If you need a free tool for a printed project, this one’s well-worth a try. Scribus is an
open-source page layout app
which claims to offer press
ready output. Several small magazines use it in their production workflow and it’s not difficult to see why when you look at the available features. Colour separations? Check. Support for CMYK and spot colours? Check? ICC colour profiles? Plenty of control over PDF output? You get the idea.
Scribus uses an open-source file format, which has been updated in the latest release, 1.5, and doesn’t support older versions of the app. That’s not a problem if you haven’t used Scribus before. More of an issue might be the lack of support for InDesign and QuarkXPress files. But don’t let that put you off.
Scribus can open just about any image file you’re likely to need, and the latest version is able to store bitmap images, rather than just link to them.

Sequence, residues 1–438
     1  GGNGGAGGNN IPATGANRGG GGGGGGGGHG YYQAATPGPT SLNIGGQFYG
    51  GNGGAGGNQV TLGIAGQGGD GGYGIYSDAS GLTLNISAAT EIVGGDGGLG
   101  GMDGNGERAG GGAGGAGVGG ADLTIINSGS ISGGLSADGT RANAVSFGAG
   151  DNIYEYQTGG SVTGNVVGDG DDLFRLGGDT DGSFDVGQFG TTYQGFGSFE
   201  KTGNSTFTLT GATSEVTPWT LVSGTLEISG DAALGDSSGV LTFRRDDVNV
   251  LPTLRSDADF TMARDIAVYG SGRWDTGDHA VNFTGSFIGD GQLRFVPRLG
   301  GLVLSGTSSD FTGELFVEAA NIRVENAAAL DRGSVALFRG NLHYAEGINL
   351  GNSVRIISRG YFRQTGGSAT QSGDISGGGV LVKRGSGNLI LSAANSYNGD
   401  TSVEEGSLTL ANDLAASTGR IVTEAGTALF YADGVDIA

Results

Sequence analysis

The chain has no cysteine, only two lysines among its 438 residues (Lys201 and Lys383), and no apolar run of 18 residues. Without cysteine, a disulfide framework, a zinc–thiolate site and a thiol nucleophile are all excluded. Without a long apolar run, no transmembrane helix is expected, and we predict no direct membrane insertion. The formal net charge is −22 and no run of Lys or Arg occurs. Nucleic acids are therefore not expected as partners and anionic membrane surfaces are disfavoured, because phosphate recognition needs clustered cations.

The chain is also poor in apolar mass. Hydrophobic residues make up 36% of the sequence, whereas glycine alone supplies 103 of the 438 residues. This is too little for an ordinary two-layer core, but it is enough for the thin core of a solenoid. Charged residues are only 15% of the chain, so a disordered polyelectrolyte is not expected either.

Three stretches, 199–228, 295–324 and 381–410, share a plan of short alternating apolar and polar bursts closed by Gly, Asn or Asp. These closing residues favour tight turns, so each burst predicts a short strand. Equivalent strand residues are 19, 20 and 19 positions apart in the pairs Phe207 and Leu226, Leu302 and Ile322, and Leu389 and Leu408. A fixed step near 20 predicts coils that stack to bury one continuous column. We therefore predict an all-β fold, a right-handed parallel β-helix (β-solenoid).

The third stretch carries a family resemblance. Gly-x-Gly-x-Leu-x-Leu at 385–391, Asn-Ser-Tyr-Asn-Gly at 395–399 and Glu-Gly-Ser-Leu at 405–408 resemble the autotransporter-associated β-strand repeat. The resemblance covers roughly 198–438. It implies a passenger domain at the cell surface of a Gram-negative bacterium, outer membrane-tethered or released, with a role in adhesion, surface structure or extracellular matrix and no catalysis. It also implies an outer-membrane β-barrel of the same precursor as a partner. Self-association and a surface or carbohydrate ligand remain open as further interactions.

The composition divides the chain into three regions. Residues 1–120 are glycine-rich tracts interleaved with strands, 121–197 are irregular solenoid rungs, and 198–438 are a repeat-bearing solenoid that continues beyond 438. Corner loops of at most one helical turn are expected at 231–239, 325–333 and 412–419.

There’s also a new feature called Symbols, which modifies instances of an object when the master item is modified. Version 1.5 also includes new type features. Associated licensing costs means there are no Pantone colour palettes in Scribus, but there are over 100 other colour palettes including several with colour schemes of large organisations.
The interface, like many open-source tools, takes a bit of getting used to, but you’ll find plenty of help and tutorials in the Scribus wiki (http://wiki.scribus.net).